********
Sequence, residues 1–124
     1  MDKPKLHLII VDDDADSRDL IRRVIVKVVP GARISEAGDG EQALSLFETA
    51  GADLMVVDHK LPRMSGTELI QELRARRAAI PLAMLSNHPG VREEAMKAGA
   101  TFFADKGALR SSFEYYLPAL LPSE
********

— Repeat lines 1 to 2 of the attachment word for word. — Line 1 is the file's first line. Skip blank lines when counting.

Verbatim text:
Sequence, residues 1–124
     1  MDKPKLHLII VDDDADSRDL IRRVIVKVVP GARISEAGDG EQALSLFETA